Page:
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Cardinal Health Resolves $8.8 Million Enforcement Action Based On A Former Entity Maintaining And Operating Marketing Accounts For Certain Customers In China

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Last Friday the SEC announced that Cardinal Health Inc. agreed to pay $8.8 million to resolve a Foreign Corrupt Practices Act enforcement action.

The action is based on a Cardinal entity (acquired in 2010 and sold in 2018) maintaining and operating marketing accounts for certain customers in China.

In summary fashion, the SEC order states:

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In A Case That Keeps On Giving, The DOJ Announces Unsealing Of 2015 Indictment Against Former Alstom And Marubeni Executives

Alstom

In mid-2013, the DOJ announced that various current and former of Alstom resolved a Foreign Corrupt Practices Act enforcement action in connection with the Tarahan power project in Indonesia. The underlying charging documents were from 2012. (See here). Thereafter, in 2013 additional individuals associated with Alstom were also charged (see here and here) including Lawrence Hoskins who was found guilty at trial in 2019. (See here).

In early-2014, Marubeni (a consortium partner of Alstom on the Tarahan project) resolved an FCPA enforcement action. (See here and here). In late 2014, Alstom resolved an FCPA enforcement action regarding alleged conduct around the world including in Indonesia in connection Tarahan power contract. (See here and here).

Yesterday, the DOJ announced the unsealing of this 2015 indictment charging Reza Moenaf (the former president of Alstom’s subsidiary in Indonesia), Eko Sulianto (the former director of sales of Alstom’s subsidiary in Indonesia) and Junji Kusunoki (the former deputy general manager of Marubeni’s Overseas Power Project Department) with conspiracy to violate the FCPA and conspiracy to commit money laundering in connection with the same core allegations found in the previous enforcement actions.

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An In-Depth Look At The U.K. Prosecution Of Airbus

airbus

These pages have long asserted that if a country is to have a deferred prosecution regime that the regime in the United Kingdom (which requires meaningful judicial review and approval) is far more preferable than the U.S. regime.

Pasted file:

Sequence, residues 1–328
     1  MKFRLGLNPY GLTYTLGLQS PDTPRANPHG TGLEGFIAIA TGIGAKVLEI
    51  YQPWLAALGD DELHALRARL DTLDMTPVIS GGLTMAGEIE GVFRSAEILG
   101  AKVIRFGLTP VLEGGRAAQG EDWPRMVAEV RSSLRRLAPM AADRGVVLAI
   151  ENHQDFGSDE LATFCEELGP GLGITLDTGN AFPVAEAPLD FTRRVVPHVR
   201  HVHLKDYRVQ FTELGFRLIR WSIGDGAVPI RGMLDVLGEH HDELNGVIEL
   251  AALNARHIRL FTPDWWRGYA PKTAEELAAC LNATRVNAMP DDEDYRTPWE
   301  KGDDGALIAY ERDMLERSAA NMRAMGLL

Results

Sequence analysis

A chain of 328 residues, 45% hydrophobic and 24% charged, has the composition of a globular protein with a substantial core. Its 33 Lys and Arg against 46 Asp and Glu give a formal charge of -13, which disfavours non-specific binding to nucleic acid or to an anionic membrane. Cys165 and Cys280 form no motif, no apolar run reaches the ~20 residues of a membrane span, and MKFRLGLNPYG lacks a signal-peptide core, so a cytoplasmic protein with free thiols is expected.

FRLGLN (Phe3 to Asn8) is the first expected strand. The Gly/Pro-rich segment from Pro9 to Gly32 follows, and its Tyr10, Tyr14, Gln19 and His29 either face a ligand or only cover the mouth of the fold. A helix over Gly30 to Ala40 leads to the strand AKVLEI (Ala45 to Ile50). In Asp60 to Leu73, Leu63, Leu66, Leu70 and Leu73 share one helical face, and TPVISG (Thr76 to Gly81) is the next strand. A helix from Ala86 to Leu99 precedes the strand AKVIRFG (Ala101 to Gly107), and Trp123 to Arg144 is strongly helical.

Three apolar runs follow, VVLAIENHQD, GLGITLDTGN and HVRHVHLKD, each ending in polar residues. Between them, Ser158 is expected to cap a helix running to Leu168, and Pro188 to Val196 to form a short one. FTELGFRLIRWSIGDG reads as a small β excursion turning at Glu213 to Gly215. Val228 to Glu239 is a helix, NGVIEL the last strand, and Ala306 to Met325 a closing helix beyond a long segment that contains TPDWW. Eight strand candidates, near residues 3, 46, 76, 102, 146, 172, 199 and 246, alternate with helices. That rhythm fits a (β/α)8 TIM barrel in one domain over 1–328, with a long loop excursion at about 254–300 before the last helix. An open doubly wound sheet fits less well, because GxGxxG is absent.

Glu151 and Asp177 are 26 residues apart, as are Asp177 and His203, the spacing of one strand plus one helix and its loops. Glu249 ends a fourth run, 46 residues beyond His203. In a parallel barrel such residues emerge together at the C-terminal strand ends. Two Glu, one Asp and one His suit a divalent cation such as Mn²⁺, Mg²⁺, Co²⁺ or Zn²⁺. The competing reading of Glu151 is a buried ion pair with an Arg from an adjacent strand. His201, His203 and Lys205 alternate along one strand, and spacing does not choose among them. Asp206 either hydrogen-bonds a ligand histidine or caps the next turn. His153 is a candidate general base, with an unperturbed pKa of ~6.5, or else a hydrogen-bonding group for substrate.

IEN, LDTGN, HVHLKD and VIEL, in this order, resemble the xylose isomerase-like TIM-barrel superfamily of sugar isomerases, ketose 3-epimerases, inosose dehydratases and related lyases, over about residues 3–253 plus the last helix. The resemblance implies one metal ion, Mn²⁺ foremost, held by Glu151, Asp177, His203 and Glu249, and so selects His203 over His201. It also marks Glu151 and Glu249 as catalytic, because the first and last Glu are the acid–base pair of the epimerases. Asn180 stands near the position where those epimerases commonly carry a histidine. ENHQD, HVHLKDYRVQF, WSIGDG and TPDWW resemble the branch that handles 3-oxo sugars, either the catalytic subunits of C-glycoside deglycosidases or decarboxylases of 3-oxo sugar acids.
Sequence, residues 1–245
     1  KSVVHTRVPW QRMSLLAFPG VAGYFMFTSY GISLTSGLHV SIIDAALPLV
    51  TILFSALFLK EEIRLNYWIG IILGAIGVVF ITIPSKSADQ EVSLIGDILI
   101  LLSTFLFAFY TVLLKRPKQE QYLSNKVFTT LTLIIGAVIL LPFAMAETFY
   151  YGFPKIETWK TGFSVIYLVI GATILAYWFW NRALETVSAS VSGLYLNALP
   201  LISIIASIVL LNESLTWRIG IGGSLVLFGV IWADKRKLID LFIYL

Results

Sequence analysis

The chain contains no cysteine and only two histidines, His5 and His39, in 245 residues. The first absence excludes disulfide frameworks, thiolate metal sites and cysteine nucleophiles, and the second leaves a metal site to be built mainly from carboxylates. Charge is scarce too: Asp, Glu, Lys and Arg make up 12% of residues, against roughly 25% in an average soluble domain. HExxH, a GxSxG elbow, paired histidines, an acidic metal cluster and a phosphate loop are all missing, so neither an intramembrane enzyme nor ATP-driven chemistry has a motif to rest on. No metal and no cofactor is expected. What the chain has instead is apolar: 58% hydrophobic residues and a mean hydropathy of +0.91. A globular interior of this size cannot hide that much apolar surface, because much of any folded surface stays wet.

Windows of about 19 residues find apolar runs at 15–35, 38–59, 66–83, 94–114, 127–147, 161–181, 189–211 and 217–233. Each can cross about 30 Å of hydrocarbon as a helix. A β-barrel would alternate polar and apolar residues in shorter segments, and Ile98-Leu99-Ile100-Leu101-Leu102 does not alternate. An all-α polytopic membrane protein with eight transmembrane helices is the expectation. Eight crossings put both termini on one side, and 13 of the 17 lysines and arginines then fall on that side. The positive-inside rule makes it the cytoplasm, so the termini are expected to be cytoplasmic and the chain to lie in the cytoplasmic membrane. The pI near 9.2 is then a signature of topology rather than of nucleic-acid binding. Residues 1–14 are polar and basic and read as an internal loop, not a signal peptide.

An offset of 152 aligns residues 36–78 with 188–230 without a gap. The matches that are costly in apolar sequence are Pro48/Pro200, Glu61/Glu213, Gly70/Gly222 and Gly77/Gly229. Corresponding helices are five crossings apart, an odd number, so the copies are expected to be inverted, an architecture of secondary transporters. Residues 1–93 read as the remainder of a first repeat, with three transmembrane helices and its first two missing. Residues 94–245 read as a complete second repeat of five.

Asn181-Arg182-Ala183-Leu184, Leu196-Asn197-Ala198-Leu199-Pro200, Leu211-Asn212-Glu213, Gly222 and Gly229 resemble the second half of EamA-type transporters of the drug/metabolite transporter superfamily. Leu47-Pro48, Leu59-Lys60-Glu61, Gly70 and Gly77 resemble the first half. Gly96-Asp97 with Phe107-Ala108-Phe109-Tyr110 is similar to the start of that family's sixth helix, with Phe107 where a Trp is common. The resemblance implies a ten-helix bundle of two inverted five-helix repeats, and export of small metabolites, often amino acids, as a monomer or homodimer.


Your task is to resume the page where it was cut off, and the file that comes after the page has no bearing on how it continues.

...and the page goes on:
This is apparent when reviewing the Statement of Facts,, Deferred Prosecution Agreement and Approved Judgment relevant to the U.K. Serious Fraud Office prosecution of Airbus. (See here for a collection of the U.K. documents and see here for the prior post regarding the U.S. enforcement action). The U.K. documents provided a substantially more thorough and transparent glimpse into the underlying conduct compared to the U.S. resolution documents.

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Even Though The Jurisdictional Basis For The Action Was “Limited,” Airbus Resolves $294 Million FCPA Enforcement Action In Connection With Broader Global Enforcement Action

airbus

The DOJ recently announced that Airbus (a France-based global provider of civilian and military aircraft) agreed to pay $3.9 billion to resolve foreign bribery, as well as Arms Export Control Act and International Traffic in Arms Regulations, enforcement actions in the U.S., France, and the United Kingdom.

As the DOJ acknowledged, Airbus “is neither a U.S. issuer nor a domestic concern, and the territorial jurisdiction over the corrupt conduct is limited.” As the DOJ further acknowledged, both France and the United Kingdom have a “significantly stronger” jurisdictional basis for resolving related matters.

Nevertheless, a portion of the global settlement amount includes a $294 million Foreign Corrupt Practices Act enforcement action. This post summarizes the enforcement action in which the DOJ charged Airbus in this information with conspiracy to violate the FCPA’s anti-bribery provisions and conspiracy to violate the Arms Export Control Act and the International Traffic in Arms Regulations.

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